Monday, March 14, 2016

validation: messy room, brilliant mind!!!!

What a perfect way to start a week!!! In my FB feed, there was a link to this article from Country Living with the comment ...   'this looks likeVirginia Fitzgerald" 
Well, it not only looks like Virginia Fitzgerald, it IS ME!!! 

Many moons ago I 'modeled' for a local photographer who sells his photos to photo banks, like Getty Images, but I completely forgot about it until today!!! And now I am the poster child for embracing your MESS!!!! (happy dance)

And to add to the joy of this discovery,  this photograph captures me working on one of my favorite sculptures, 'lush ...' , so that would be the summer of 2009. 

This New Study Offers a Good Excuse Not to Straighten Up That Messy Room

Papers thrown about? Craft supplies strewn across the table? A disorganized space might just be a sign of creative brilliance.

If there's one thing we could all count on hearing from our parents growing up, it was the seemingly constant command to clean our rooms. Over time, mom and dad's insistent reminders to put away our toys have turned into a nagging inner voice telling us that we'd get so much more work done if we'd just straighten up our desks.But what if everything you thought you knew about the benefits of being tidy was wrong? A recent study released by psychologist Kathleen Vohs at the University of Minnesota concluded that a messy work environment is actually linked to greater levels of creativity and and interesting ideas.In the study, Vohs tested the effects of different kinds of working environments on human behavior. As part of the study, participants were asked to come up with different uses for ping pong balls. The ideas were scored by impartial judges, who concluded that the ones generated by the people in messy environments were more interesting and creative. Messy room participants also tested as more likely to choose a new product than an established one."Disorderly environments seem to inspire breaking free of tradition, which can produce fresh insights," Vohs said in a report by the Association of Psychological Science."Orderly environments, in contrast, encourage convention and playing it safe."The study was tested in six different locations, but Vohs found that the type of room participants worked in did not matter—the environment just had to be unkempt to result in a difference in behavior.So the next time you head into your home office or craft room, you may want to skip the extra few minutes it would take to put your books or supplies away—you never know when your messy space will inspire something extraordinary.TELL US: What type of environment do you think you do your best work in?(h/t Apartment Therapy)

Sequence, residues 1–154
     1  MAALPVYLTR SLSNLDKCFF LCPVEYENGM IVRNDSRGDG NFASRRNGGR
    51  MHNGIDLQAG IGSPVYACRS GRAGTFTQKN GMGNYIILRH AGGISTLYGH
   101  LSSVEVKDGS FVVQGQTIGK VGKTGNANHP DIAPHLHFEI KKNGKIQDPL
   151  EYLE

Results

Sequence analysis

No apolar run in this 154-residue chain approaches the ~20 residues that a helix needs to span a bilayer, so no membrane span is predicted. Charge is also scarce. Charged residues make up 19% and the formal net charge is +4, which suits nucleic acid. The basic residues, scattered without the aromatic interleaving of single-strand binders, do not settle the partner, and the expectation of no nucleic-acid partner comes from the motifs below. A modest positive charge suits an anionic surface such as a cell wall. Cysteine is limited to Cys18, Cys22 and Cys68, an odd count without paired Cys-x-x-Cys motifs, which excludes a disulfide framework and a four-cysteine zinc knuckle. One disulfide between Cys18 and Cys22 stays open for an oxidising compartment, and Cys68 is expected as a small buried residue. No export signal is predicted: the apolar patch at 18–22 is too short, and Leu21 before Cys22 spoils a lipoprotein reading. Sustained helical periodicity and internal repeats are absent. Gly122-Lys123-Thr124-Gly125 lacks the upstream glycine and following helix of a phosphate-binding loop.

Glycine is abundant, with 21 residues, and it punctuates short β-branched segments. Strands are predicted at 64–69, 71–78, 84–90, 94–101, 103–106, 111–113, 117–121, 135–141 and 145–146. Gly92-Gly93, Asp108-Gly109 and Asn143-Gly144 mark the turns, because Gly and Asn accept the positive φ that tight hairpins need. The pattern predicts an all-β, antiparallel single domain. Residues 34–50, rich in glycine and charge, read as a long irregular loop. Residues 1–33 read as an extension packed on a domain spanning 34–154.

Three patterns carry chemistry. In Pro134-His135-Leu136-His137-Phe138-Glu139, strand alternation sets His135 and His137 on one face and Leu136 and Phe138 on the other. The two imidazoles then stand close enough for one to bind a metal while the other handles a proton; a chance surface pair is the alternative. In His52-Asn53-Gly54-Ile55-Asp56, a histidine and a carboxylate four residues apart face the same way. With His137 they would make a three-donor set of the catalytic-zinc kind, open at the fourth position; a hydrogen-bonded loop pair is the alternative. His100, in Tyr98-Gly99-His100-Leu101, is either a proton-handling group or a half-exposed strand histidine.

'lush ...' (2009)


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